Western Australia should be a huge beneficiary of Joe Biden presidency.
As the US recovers from one of the least politically experienced presidents in history, we are now about to see one of the most experienced.
On top of eight years as vice-president, Mr Biden was elected to the US Senate in 1973. That was back when WA opposition leader Charles Court was working to end John Tonkin’s time as premier.
I was last in Washington DC in 2017, meeting Democrats as they recovered from the shock of the Hillary Clinton loss. Donald Trump looked certain to win a second term. But, as we are reminded again and again, anything is possible in politics.
What is almost certain is that West Australians will be big winners under the new US President.
First, every US State will benefit from his $2 trillion infrastructure plan. That is a spend bigger than the entire Australian economy’s annual output. Our resources-rich State will be an obvious beneficiary as the US ramps up demand for raw materials.
Second, Mr Biden’s home state of Delaware is, like WA, wealthy and with low populations compared with our national neighbours.
He gets that you need to govern for the whole country, not just the biggest States. Both States also share a city called “Perth”.
Third, Mr Biden understands Australians. On his last visit to Australia he summed us up saying “Australians are defined by their character; by the grit, their integrity, their unyielding resilience”.
You could say the same about any of Western Australia’s mining entrepreneurs, our world-class researchers at the Telethon Kids Institute or our agriculture sector.
It is these values that he sees bring us together, saying “And it’s that character, in my view, which has always drawn Australians and Americans together”.
Fourth, when Mr Biden thinks of Australians, he thinks of West Australians.
Mr Biden knows WA Governor (and US political historian) Kim Beazley well. When Mr Biden visited Australia in 2016 it was WA’s Julie Bishop who took him to the MCG to see the Eagles play.
Mr Biden is a student of history. It will influence his thinking that it was WA’s one and only prime minister John Curtin who built the foundation of today’s ANZUS alliance.
Fifth, we know that Mr Biden will return to an approach of maintaining a tough but fair relationship with China — a relief for West Australians.
The last four years WA exporters have done well in building trade relationships, despite former president Trump and an at times lazy approach from our own Federal Government.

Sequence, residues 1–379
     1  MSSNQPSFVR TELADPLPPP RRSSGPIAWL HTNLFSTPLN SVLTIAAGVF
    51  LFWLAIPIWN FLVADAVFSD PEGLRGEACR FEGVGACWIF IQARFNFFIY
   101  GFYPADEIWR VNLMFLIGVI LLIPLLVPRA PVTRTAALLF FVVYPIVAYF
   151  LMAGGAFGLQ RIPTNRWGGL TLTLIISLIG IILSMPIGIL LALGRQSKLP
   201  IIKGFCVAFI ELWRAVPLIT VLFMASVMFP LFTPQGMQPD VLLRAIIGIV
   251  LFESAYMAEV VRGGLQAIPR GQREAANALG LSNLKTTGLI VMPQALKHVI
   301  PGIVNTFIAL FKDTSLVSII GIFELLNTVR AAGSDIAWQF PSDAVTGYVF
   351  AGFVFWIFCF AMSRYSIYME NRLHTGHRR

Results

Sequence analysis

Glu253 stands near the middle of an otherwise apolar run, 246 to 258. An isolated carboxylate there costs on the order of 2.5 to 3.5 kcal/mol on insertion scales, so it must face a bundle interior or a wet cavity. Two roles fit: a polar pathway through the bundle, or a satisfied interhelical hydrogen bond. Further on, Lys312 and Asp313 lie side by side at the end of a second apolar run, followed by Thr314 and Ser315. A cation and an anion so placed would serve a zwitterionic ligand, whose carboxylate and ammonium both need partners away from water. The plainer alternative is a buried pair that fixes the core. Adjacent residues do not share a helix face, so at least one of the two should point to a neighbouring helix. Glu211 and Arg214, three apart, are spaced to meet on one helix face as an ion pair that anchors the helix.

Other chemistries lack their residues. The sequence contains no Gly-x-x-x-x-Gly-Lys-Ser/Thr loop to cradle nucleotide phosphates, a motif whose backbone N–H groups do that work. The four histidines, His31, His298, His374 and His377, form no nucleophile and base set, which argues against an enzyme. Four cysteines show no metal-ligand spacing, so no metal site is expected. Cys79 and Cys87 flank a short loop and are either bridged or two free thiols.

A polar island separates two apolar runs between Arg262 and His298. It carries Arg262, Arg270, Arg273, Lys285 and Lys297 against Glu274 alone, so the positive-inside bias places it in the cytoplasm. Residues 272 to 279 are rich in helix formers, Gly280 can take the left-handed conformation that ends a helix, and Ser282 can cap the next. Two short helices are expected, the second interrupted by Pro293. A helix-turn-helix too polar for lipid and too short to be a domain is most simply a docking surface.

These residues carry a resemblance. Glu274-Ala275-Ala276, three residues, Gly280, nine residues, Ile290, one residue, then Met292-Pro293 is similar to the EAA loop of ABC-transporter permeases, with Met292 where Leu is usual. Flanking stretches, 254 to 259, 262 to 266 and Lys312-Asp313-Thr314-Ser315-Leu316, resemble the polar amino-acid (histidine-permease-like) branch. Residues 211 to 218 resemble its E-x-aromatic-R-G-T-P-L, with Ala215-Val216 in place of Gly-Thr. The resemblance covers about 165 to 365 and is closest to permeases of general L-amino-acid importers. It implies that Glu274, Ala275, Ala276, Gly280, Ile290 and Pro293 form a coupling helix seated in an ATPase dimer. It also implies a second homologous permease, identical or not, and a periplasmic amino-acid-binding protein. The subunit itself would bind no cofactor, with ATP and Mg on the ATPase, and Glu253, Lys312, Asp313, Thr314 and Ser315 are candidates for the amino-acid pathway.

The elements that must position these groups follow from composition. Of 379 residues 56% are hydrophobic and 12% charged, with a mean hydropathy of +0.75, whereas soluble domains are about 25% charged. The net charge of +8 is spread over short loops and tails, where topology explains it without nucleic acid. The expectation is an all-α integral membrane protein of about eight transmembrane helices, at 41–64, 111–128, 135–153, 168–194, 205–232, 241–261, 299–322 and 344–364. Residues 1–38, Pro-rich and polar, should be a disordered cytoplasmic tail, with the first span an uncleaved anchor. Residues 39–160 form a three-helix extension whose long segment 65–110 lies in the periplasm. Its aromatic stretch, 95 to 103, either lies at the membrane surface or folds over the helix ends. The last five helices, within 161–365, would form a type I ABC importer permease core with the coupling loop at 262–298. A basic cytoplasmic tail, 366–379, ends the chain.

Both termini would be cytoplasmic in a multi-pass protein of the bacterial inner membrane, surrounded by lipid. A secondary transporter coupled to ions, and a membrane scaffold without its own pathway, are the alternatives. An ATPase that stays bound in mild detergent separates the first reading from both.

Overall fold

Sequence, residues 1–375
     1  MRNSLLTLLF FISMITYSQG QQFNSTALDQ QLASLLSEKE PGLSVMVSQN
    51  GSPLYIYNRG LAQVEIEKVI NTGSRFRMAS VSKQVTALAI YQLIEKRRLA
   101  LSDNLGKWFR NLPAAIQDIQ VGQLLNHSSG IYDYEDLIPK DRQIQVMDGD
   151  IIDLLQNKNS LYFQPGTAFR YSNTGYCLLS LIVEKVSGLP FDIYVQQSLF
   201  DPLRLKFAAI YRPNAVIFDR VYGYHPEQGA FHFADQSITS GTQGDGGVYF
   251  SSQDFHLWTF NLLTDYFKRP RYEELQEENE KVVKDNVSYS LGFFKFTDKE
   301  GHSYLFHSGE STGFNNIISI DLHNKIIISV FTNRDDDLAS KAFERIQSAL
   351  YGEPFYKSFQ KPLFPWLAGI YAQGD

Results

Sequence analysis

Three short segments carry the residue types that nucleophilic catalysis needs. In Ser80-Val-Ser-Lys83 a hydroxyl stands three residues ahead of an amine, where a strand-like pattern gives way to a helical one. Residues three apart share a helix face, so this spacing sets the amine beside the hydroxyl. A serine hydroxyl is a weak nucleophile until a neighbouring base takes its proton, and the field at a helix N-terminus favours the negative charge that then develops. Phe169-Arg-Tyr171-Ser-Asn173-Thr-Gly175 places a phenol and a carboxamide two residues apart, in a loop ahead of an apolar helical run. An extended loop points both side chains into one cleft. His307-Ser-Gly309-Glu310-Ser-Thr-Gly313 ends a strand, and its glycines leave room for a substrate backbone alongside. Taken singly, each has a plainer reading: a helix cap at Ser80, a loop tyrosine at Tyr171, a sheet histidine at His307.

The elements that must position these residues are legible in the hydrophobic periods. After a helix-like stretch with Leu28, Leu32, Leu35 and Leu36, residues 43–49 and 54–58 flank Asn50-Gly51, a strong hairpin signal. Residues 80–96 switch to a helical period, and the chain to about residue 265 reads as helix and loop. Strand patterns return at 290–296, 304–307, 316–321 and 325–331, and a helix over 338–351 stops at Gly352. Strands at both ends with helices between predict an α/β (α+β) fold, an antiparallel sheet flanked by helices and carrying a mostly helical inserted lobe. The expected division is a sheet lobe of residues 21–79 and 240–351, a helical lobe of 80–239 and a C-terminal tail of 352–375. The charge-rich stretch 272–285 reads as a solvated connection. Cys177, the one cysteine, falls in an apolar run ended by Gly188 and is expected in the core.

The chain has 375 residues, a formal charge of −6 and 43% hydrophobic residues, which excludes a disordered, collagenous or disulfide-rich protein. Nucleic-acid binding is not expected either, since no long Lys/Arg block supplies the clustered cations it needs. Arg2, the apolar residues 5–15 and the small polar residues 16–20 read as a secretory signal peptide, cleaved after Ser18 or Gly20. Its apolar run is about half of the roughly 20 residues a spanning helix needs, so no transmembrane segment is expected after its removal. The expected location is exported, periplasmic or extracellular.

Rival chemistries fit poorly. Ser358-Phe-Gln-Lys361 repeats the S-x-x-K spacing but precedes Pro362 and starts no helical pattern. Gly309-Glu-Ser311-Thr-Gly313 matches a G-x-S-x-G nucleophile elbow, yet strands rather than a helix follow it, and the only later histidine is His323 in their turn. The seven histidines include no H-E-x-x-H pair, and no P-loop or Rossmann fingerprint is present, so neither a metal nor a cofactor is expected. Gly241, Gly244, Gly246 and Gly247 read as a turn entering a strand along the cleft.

We can’t pretend that the peaceful rise of China is a certain path, but it being a path that benefits all humanity is key. And there is no one better in the US to embrace the complexity of this challenge.
Sixth, Mr Biden returning closer to the path set by Barack Obama in engaging in the Asia-Pacific is welcome.
I grew up in Fremantle when visiting US ships were a regular at Fremantle Port. This, and the America’s Cup, built many of WA’s continuing people-to-people links that underpin our alliance and our ongoing security.
Seventh, Mr Biden’s progressive political approach will be noted across the boardrooms and political parties of WA. He is appointing the first Cabinet with 50 per cent female members. Kamala Harris will become the first female vice-president.
Following from former president Trump’s cabinet which looked like a faded 1980s boardroom, Mr Biden has committed that “the administration, both in the White House and outside in the Cabinet, is going to look like the country”.
Eighth, WA will benefit from renewed US leadership on climate change.
Mr Biden calls it an “existential threat” and has committed to a 100 per cent clean energy economy and net zero emissions by 2050.
He will appoint former secretary of state John Kerry as a special envoy on climate change. This would be like Scott Morrison selecting Julie Bishop as Australia’s climate ambassador.
He takes the climate challenge seriously and will build momentum in global forums. Here in WA it will give more certainty to our exporters and benefit many of our resources companies who are already on the path to net zero emissions.
Ninth, Mr Biden’s commitment to childcare reform should be a model for WA and for Australia. This plan will unlock huge economic value in the US and should push our Federal Government to do more when it comes to affordable universal child care.
Federal Labor and the incoming Biden administration have both recognised the need to reform child care and make it affordable for working families.
Finally, like Americans have rejected Mr Trump, West Australians have rejected Clive Palmer. For 2021 and beyond our politics local and global will once again trend towards the mainstream.
This piece was first published in The West Australian on Thursday, 21 January 2021.
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